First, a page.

Another spiritual leader on the front lines has been Dean Barlese, a spiritual leader from the Pyramid Lake Paiute Tribe. Despite being confined to a wheelchair, Barlese led prayers at the site on April 25th (shutting down construction for a day) and returned on May 11th.

“I’m asking people to come to Peehee Mu’huh,” Barlese said. “We need more prayerful people. I’m here because I have connections to these places. My great-great-great grandfathers fought and shed blood in these lands. We’re defending the sacred. Water is sacred. Without water, there is no life. And one day, you’ll find out you can’t eat money.”

The 1865 Thacker Pass massacre is well documented in historical sources, books, newspapers, and oral histories. Despite the evidence but unsurprisingly, the Federal Government has not protected Thacker Pass or even slowed construction of the mine to allow for consultation to take place with Tribes. In late February, the Federal Government recognized tribal arguments that Thacker Pass is a “Traditional Cultural District” eligible for the National Register of Historic Places. But that didn’t stop construction from commencing.

“This is not a protest, it’s a prayer,” said Barlese. “But they’re still scared of me. They’re scared of all of us elders, because they know we’re right and they’re wrong.”

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O’odham Executed by Border Patrol: Statement by Raymond Mattia Family




Raymond Mattia of the Tohono O’odham Nation was executed by US border patrol agents on May 18th at his home. He was reportedly shot 38 times.

A peaceful gathering to support all victims of the
unmonitored violent actions of the Border Patrol and other agencies will be held at The Border
Patrol Station in Why, Az, and Tucson on Golf Links Road this Saturday, May 27th, from

For more information please visit:

Statement by Mattia Raymond’s family:

We have been trying to find the strength to write this statement. This tragedy is so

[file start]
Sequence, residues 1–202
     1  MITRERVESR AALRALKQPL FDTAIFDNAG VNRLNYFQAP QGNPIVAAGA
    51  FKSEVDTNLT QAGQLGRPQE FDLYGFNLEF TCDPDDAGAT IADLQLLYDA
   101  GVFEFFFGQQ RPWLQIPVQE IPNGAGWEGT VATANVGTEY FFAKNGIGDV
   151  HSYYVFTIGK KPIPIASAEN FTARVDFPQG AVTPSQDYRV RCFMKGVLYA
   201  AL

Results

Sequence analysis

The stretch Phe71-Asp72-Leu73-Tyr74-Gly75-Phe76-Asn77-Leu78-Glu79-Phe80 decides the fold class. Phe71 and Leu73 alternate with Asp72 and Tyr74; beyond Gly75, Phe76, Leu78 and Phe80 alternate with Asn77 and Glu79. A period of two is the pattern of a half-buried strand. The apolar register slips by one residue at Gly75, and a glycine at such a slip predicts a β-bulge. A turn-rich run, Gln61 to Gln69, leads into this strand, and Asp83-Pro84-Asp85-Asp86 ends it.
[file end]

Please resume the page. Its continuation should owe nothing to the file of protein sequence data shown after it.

grievous because it is apparent what had happened. Raymond called for help and, in turn, was
shot down at his doorstep. Raymond’s rights were violated by the authorities whom we trust to
protect our Nation. Improper and unprofessional actions of the agencies involved were witnessed
by family members present near the crime scene. Loved ones sat in agony, not knowing of
Raymond’s condition until they were told that he had passed hours later. Raymond lay in front of
his home for seven hours before a coroner from Tucson arrived.
In our eyes and hearts, we believe that Raymond was approached with excessive and
deadly force that took his life. He was a father, brother, uncle, friend, and an involved
community member. Raymond always fought for what was right, and he will continue to fight
even after his death. This is not an isolated incident, but it should bring awareness of the
oppression our people live through.
We want to thank so many of you for your condolences and support. A GoFundMe for
defense funds will be available soon. A peaceful gathering to support all victims of the
unmonitored violent actions of the Border Patrol and other agencies will be held at The Border Patrol Station in Why, Az, and Tucson on Golf Links Road this Saturday, May 27th, from 10:00am-Noon.

Contact for support: